More than four years after it happened, the Macondo well incident in the Gulf of Mexico continues to capture the attention of the industry and the public. Shortly after new evidence was revealed on the cause of the well blowout — which killed 11 workers and caused the biggest offshore oil spill in the United States — a U.S. appeals court ruled that the owners of the well, BP and Anadarko Corp., will be liable for violations of the federal Clean Water Act.

This means that both companies will have to pay potentially huge penalties for the damage caused to the Gulf of Mexico water and coastal line, Forbes reported. At the time of the incident BP owned 65 percent of the well, while Anadarko had a 25-percent non-operating stake. The Clean Water Act states that companies found to be strictly liable for an oil spill could be fined up to $1,100 per barrel. However, if companies are found to be grossly negligent the penalties could reach up to $4,300 per barrel of oil.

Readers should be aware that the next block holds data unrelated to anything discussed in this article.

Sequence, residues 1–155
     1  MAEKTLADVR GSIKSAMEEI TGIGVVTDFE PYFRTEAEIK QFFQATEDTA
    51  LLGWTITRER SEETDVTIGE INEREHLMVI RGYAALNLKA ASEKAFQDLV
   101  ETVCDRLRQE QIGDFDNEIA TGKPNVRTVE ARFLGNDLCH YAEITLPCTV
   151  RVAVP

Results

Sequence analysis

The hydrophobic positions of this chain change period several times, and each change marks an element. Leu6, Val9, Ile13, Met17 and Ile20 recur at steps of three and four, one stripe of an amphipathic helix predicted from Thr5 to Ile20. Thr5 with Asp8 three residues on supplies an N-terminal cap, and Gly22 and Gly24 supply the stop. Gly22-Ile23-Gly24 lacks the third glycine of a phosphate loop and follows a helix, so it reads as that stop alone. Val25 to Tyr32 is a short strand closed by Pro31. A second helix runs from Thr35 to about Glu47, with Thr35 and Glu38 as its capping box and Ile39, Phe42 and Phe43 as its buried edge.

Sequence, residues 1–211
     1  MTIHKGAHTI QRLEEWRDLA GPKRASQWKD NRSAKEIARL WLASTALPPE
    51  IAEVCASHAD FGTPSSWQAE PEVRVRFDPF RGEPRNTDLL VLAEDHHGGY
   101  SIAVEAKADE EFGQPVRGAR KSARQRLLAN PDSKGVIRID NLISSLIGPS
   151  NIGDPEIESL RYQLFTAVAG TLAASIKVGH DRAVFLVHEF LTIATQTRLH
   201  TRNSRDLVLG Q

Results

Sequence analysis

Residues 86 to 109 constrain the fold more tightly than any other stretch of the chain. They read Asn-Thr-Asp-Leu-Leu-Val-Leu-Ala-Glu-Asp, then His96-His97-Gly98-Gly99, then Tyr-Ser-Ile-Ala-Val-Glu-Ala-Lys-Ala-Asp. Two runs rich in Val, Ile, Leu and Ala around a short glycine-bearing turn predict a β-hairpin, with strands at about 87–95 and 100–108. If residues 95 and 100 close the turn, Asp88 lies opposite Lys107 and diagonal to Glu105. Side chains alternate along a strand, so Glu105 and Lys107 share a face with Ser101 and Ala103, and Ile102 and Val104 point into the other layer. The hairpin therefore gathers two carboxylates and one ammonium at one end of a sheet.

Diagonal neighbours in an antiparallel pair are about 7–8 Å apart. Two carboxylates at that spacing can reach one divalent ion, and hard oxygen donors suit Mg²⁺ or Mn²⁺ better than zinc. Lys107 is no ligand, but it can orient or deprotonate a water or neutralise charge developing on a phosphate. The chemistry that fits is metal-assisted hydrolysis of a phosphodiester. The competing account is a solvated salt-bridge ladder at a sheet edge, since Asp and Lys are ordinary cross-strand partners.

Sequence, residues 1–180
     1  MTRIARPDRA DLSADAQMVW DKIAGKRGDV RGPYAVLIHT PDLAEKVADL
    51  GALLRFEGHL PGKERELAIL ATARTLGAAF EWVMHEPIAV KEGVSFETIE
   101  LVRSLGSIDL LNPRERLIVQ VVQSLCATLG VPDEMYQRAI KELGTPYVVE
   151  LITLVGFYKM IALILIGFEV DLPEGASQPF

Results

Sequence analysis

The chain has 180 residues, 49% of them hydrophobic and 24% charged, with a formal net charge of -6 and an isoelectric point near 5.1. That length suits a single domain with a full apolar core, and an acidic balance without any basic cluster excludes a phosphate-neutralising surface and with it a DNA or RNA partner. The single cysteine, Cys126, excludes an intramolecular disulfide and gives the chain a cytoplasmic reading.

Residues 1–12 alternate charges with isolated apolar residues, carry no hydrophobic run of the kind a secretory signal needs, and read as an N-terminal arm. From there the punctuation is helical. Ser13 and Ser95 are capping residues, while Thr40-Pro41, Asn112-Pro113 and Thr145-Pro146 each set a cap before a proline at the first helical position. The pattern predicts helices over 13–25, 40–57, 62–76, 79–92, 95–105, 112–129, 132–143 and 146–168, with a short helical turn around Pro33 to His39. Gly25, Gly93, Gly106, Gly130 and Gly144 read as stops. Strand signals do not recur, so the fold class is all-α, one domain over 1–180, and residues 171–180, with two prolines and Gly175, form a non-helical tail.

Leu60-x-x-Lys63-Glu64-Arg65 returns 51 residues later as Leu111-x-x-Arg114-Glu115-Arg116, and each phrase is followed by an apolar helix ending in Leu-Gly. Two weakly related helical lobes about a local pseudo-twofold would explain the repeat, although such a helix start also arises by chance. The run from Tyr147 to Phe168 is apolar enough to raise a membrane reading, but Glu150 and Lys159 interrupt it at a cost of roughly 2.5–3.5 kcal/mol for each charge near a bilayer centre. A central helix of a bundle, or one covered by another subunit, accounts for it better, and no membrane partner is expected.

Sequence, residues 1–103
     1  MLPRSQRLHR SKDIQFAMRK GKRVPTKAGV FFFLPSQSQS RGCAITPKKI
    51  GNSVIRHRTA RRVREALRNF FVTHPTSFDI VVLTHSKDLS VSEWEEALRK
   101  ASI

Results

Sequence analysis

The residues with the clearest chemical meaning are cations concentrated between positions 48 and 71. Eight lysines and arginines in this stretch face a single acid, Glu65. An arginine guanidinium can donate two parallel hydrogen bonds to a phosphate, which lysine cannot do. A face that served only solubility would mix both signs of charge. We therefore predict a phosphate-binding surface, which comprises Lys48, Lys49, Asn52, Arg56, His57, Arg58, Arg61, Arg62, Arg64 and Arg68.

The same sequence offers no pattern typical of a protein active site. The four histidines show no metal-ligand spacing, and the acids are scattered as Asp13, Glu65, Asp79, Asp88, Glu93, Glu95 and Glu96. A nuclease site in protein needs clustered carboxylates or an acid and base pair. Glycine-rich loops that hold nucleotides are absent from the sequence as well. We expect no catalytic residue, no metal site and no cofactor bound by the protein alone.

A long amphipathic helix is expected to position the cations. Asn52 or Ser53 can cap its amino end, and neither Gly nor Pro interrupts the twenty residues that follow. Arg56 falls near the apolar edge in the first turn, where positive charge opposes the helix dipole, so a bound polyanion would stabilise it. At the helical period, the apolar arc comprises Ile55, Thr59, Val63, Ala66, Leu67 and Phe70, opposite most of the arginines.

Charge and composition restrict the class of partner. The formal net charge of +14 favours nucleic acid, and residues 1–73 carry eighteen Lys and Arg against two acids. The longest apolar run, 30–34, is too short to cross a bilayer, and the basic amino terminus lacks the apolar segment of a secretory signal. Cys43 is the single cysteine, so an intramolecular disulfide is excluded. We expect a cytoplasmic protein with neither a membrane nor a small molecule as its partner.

According to Forbes, Anadarko's exposure to fines under the Clean Water Act is less significant because the company was not directly involved in drilling operations. However, BP could face a potential fine of up to $17.4 billion, depending on the way the court sees the two major aspects in the lawsuit — if BP is liable for gross negligence and how much oil spilled during the 87 days in which BP tried to seal the well. Currently, BP has provisioned just over $3.5 billion for penalties, but if the maximum penalty under the Clean Water Act is imposed the company may have to pay up to $14 billion more.